Also, just for kicks: Pyrrha was featured on F-Yeah German Shepherds. ♥

A weekend with Pyrrha at my parents’ place

This past weekend, Pyrrha and I took our first road trip together, to visit my parents, see my siblings, and help my sister with her wedding plans. It was a five-hour drive and Pyrrha handled it like a champ. She slept for the majority of the trip in the back of our little hatchback (which is now coated in wall-to-wall fur). I was very proud, and knowing she was peacefully dozing made me a lot less anxious.

Here are a few recaps of what Pyrrha did over the weekend:

Meeting the family

Pyrrha got to meet lots of family members this weekend, and she did great with everyone. In total, she met my sisters, my sister’s fiance, my grandparents, my aunt, uncle, cousin, the neighbors and the neighbor’s two young girls. Whew!

With TT in the kitchen
With my mom in the kitchen.
Kisses for Grace!
Kisses for Grace, my youngest sister.
Meeting Ma-Maw
Meeting my grandmother.
Kisses for Ma-Maw!
Kisses for her great-grandmother!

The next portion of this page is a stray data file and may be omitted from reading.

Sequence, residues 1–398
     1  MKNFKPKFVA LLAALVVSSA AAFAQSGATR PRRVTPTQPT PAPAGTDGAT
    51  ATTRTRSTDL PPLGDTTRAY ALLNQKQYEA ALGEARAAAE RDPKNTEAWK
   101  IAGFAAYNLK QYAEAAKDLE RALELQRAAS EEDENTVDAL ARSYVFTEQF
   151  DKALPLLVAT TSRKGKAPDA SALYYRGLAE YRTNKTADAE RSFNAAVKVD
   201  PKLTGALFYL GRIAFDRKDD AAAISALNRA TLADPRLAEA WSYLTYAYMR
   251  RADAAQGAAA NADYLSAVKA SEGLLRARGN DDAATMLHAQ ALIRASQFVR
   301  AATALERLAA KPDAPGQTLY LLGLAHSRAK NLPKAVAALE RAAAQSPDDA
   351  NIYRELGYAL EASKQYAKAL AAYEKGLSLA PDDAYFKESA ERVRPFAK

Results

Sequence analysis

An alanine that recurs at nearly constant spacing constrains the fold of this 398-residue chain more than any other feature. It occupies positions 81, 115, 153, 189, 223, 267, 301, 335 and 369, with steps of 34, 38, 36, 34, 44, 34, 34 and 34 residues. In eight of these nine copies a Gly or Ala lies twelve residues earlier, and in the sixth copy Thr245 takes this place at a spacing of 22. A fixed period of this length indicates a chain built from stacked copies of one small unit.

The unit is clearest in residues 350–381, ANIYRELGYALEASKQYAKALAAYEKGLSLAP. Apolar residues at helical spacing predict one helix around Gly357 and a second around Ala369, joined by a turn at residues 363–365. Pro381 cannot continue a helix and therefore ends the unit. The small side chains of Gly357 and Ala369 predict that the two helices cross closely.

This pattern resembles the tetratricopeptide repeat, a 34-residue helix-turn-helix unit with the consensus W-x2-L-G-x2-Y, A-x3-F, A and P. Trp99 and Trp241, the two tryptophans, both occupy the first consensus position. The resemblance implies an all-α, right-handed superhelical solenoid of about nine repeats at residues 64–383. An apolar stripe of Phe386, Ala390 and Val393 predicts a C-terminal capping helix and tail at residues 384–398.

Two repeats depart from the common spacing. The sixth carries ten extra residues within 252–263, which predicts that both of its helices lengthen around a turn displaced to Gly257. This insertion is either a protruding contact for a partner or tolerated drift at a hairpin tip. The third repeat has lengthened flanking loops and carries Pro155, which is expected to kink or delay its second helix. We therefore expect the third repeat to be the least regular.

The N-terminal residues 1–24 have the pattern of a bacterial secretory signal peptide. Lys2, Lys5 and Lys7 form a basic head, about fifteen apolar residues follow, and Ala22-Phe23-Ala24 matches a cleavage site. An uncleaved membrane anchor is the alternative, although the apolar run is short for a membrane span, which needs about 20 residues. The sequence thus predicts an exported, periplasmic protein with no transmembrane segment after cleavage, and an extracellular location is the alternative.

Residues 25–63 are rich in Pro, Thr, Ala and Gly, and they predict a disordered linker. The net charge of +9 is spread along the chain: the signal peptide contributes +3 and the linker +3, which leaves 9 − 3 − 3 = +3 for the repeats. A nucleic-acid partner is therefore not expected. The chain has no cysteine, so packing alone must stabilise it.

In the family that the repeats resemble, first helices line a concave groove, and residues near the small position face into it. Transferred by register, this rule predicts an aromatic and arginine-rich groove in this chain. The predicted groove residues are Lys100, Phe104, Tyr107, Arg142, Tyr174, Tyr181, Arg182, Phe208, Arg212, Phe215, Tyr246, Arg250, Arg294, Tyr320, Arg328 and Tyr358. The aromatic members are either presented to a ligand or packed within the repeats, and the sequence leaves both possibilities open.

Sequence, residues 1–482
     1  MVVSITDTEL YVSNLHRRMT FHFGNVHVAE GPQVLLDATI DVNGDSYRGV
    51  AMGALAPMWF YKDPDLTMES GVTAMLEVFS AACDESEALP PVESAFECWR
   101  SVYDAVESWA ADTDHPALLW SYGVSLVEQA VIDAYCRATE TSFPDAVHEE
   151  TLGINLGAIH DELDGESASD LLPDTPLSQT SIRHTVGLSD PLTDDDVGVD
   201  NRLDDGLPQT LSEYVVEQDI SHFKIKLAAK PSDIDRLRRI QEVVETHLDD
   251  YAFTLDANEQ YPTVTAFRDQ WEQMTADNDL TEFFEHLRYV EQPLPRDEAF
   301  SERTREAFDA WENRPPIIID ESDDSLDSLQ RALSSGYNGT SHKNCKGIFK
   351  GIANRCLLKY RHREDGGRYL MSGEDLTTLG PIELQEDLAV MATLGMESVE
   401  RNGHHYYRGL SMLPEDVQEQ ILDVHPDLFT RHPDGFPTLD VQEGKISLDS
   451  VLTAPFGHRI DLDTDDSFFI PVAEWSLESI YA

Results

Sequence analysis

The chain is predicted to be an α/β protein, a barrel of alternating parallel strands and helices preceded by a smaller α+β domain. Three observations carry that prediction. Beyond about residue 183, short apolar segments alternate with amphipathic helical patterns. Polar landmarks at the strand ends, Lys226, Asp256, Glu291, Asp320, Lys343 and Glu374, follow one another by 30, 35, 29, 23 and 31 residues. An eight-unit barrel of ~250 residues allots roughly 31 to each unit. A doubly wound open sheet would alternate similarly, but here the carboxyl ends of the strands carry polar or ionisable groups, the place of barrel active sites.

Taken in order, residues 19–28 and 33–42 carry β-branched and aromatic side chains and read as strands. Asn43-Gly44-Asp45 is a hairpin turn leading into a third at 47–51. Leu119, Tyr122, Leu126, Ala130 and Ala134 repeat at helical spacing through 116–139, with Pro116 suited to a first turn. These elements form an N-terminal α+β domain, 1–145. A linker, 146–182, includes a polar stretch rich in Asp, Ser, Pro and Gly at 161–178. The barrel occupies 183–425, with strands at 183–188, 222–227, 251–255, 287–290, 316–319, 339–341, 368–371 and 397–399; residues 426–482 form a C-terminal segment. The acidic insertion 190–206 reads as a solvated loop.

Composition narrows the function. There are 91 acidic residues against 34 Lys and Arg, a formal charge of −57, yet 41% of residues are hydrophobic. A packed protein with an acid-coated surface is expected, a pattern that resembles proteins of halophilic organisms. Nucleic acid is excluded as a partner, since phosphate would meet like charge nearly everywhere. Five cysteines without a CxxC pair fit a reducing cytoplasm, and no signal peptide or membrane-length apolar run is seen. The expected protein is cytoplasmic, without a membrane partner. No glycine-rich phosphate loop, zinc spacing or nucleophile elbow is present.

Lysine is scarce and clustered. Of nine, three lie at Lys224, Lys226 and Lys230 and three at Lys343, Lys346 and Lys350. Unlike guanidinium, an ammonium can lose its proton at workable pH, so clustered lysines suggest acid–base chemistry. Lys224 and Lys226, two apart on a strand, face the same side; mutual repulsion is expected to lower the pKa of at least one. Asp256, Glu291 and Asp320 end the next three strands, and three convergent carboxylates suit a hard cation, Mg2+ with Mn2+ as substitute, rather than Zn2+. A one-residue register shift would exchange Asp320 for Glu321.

Floor time with Juju
Floor time with my dad.
Morning meditation with Alex
Floor time with my sister’s fiance.

A few observations: She still warms up to women much faster than she does to men, but after she’d met everyone, she seemed to treat the family with an equal mix of tolerance and occasional anxiety. She became especially fond of my mom. My guess here is that my mom’s body and body language very closely mirrors mine, and I think this makes her feel safe and comfortable. Pyrrha’s other family favorites turned out to be my dad (who speaks dog fluently and loves dogs as much as I do), my mom, and my sister’s fiance, Alex (shown in the last photo). Alex is calm and quiet and has been around German shepherds before. I like to believe that Pyrrha sensed this.

Dublin, Pyrrha’s therapy dog

One of the most encouraging parts of our weekend away was Pyrrha’s interaction with Dublin, the neighbor’s chocolate lab mix, who acts as my father’s surrogate dog.

Romping with Dublin
Dublin, Pyrrha’s therapy dog.

I wasn’t sure if they would get along at all. Dublin reacts somewhat negatively to new dogs in her territory, especially new female dogs. Add that with Pyrrha’s anxiety about new dogs, and I suspected they wouldn’t be able to interact at all.

So, this is just one more example of Pyrrha proving me wrong and exceeding my expectations. We let them sniff each other through the fence for a bit, and then we let Pyrrha into Dublin’s yard, off leash. All of us humans stayed outside the fence.